CV versus Resume - a question of language?

  | James Innes

Why does a Brit apply for a job with a CV and an American with a resume? To paraphrase Winston Churchill, is it just a question of “two nations divided by a common language?” Or is there a difference between the two documents? What would you use in Canada or Australia? And what about in Ireland or New Zealand?

In fact, although people often talk about CVs and Resumes as if they are one and the same, there are subtle but important differences between the two documents, which can be traced to the origins of the terms.

CV stands for “Curriculum Vitae”, a Latin phrase meaning course of life. A CV is a detailed document that is normally two pages long, and contains a high level of detail about your accomplishments, achievements and experience. Resume comes from the French word for summary, and is a much more condensed document, a concise one-page document summarising a person’s relevant job experience and education.

There are 3 major differences between the two documents – length, purpose and layout. Whereas a resume is a brief one-page summary, a CV is more detailed and can be two (or exceptionally) three pages long. A resume will normally be tailored for each position, whereas a CV tends to be more of a standing document (although the astute candidate may choose to highlight particular skills or experience depending on the job for which they are applying). A CV has a clear chronological order (best practice is to list the most recent position first), whereas a resume can be adapted to best suit the applicant, and the position under consideration.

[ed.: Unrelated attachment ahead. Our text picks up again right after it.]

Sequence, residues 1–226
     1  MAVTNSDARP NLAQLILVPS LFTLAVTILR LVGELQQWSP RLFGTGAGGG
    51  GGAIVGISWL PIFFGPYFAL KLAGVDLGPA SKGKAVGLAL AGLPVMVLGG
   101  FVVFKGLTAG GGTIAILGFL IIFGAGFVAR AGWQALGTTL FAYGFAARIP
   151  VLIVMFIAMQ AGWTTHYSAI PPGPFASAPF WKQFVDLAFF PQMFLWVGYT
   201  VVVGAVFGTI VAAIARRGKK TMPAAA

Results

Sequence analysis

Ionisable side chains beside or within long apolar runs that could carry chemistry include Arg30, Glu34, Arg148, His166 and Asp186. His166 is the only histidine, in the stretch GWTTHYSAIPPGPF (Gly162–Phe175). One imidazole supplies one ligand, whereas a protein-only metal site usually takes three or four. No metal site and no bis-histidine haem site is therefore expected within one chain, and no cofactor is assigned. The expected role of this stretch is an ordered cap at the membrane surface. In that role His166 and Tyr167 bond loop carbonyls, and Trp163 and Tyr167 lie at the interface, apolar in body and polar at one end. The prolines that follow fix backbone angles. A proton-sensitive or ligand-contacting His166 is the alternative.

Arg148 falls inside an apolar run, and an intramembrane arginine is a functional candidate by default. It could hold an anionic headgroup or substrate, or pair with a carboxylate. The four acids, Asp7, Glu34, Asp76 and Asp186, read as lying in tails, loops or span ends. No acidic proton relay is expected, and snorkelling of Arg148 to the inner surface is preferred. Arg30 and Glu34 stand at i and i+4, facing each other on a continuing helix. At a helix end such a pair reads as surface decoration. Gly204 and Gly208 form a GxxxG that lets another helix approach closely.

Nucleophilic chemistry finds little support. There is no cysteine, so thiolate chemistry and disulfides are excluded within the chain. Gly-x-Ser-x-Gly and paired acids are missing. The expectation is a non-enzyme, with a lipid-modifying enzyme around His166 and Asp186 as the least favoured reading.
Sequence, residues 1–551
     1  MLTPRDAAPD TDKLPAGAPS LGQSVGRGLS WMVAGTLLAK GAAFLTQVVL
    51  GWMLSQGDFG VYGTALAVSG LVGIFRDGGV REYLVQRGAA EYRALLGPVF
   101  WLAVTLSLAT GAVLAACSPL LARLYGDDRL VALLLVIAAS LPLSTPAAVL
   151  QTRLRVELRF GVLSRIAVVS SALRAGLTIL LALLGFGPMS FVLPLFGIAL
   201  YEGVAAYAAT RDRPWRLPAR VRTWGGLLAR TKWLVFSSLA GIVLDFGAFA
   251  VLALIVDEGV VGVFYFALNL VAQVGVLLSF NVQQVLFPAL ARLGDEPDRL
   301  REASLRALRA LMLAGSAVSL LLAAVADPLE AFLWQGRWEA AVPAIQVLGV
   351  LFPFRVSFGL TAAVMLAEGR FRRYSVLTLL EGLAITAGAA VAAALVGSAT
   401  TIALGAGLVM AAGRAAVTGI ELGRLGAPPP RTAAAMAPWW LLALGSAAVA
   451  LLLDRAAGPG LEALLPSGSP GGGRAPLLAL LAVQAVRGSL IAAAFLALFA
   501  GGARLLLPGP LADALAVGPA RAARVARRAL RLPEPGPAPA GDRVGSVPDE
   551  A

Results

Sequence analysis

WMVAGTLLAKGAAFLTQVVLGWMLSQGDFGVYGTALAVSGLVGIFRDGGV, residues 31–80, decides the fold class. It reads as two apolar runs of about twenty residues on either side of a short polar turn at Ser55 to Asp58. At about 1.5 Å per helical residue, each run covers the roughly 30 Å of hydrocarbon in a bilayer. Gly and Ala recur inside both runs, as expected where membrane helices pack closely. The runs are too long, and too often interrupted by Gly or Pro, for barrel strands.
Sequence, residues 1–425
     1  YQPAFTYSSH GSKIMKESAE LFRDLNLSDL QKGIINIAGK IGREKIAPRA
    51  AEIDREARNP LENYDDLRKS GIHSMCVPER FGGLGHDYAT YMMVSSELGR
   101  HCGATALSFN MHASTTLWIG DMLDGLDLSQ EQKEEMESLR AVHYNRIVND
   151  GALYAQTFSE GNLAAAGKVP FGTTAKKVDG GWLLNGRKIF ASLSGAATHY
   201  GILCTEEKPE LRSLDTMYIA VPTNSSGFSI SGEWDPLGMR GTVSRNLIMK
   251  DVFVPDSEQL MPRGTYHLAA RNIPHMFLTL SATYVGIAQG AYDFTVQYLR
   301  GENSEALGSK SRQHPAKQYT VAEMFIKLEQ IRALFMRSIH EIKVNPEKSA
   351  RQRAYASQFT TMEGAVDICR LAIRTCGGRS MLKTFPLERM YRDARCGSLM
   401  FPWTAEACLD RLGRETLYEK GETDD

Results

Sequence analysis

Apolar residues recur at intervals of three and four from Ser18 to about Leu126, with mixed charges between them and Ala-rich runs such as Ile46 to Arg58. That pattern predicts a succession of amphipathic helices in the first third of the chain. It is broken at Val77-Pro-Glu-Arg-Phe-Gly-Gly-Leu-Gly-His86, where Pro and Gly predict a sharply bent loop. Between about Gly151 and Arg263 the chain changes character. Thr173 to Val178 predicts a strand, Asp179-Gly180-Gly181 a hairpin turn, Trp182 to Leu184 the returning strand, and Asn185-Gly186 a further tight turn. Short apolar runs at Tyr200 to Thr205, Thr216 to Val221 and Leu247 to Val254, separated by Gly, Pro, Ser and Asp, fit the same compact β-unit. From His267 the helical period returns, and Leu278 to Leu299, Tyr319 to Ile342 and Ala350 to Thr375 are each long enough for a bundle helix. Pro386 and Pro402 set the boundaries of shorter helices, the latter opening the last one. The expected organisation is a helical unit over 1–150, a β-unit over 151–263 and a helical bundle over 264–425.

So who uses what? If you are in the UK, Ireland or New Zealand, you need a CV? If you are in the US and Canada, expect to prepare a resume, except if you are applying for an academic or research post, when a CV is the required document.

Australia, South Africa and India? The terms resume and CV are used interchangeably; resumes are more common for private sector jobs and CVs for public sector positions.

Mainland Europe goes mainly for the CV; in German-speaking countries, the Lebenslauf is the local equivalent of a CV.

One question that does arise is what happens if you are applying for a job with an American company in Europe, or vice versa? Accepted wisdom is that you should apply with the locally preferred option, although the alternative may be acceptable. Perhaps hedge your bets and provide both!

Whatever the type of document preferred in your location, the role of the CV or resume remains very important both for job seekers and those in employment. Very few people can expect to get through life without one, so make sure yours is always up to date.

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